Many of the Queen’s subjects have paid tribute to the monarch’s longevity on the throne as she celebrates her Platinum Jubilee this year.
But 92-year-old pensioner Ray Jones goes one step further by visiting the place where she learned her father, King George VI, had died and that she succeeded him: Kenya.
In fact, Ray, from Gyffin near Conwy, is preparing to visit the East African country in May for the eighth time, having first visited 30 years ago in 1992.
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It was at the seaside resort of Treetops in 1952 that Princess Elizabeth and Prince Philip learned that her father, King George VI, had died and cut their tour of the country short.
And although Ray’s main passion is watching lions, cheetahs, rhinos and wildebeests, he has been to Treetops before and plans to return on his next visit.
“I think the Queen is fantastic. She has done a wonderful job over the past 70 years. Prince Charles is her obvious successor. I wish her well when the time comes,” he said.
Back at Treetops, Ray said: “Last time I was there I stayed in room #15. There’s a plaque outside room #19 that says ‘La queen room”. Not sure if you can stay there but last time we paid the guy a few bob’s he opened the door and left so we could have a look inside.
“When we go in May, I’m going to sit on the ‘toilet’ so I can say I’ve been on the ‘throne’!”
But it is of course the animals that are the real stars of the Kenyan savannah.
Ray says: “Treetops overlooks an elephant pool, where elephants and buffalo come to drink water at night. It’s seeing animals in their natural environment that I love.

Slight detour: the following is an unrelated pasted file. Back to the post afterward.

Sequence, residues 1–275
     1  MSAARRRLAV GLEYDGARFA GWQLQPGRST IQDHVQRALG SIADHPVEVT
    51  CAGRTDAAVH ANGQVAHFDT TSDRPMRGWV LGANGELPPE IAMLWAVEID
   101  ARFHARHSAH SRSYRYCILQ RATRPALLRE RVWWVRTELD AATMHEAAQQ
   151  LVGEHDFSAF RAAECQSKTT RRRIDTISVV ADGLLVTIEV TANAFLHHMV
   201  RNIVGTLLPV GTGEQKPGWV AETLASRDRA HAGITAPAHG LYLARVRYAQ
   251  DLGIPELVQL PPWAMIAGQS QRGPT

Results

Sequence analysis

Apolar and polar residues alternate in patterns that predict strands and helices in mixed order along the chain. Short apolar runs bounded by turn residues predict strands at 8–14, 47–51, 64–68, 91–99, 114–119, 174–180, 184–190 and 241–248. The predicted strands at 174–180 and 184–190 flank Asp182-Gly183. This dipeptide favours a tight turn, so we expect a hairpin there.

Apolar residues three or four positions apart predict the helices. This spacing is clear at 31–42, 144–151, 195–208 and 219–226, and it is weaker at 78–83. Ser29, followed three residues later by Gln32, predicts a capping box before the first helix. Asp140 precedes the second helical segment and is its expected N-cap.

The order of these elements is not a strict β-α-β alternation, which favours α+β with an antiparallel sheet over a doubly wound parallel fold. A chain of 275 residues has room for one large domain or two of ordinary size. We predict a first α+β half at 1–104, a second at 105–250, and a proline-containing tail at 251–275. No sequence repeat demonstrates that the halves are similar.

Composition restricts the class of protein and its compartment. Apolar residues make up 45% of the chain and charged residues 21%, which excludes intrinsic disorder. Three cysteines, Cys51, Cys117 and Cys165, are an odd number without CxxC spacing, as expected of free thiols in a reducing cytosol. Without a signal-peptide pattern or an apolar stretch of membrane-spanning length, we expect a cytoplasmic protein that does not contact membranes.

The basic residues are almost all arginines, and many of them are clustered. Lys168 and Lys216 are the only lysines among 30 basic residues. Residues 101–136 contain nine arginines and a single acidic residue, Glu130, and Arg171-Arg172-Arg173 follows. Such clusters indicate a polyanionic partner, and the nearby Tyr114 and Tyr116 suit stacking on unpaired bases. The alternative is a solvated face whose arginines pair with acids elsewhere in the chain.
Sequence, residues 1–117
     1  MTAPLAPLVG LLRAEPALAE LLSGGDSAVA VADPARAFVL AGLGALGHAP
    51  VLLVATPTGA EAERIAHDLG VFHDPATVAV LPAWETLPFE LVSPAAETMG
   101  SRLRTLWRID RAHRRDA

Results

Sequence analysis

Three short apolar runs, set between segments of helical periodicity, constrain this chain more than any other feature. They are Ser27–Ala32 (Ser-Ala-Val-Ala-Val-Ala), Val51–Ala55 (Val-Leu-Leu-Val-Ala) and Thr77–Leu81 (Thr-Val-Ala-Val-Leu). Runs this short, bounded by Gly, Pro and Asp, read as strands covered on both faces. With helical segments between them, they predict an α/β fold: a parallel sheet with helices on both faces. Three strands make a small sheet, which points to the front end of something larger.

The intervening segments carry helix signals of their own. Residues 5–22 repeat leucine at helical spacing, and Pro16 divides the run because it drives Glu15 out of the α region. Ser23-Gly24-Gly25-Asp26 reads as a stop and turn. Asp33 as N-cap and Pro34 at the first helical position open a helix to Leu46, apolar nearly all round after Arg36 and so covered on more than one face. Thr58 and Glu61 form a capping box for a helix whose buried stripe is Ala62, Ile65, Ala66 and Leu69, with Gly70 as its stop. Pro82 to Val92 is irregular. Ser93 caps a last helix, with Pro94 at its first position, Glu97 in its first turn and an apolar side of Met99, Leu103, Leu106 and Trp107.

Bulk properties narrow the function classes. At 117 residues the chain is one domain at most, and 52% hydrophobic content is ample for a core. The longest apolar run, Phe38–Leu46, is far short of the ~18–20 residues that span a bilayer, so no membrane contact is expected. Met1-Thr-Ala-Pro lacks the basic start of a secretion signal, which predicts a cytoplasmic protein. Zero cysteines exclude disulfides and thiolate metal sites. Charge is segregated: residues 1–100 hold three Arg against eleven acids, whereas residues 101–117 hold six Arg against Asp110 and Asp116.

He and a friend were due to visit Kenya two years ago, but the COVID-19 pandemic put their plans on hold. Luckily, the tour operator kept their booking open.
Since his first trip to Kenya, Ray and a friend have visited many places in this beautiful country.
They include game reserves such as the Maasai Mara, Nairobi and Lake Nukuru.
They also visited the former colonial home of Scouting movement founder Lord Robert Baden-Powell, the Outspan Hotel, which he and his wife Olave moved into in 1939, and the former home of the Danish author Karen Blixen.
His memoir Out of Africa was made into a film in 1985 starring Meryl Streep and Robert Redford.
Ray also went to the Daphne Sheldrick Elephant Orphanage in Nairobi National Park, where a young calf scooped up a container of milk with its trunk and wolfed it down.
And on another occasion, Ray held a cookie in his mouth for a giraffe to grab it with its tongue.
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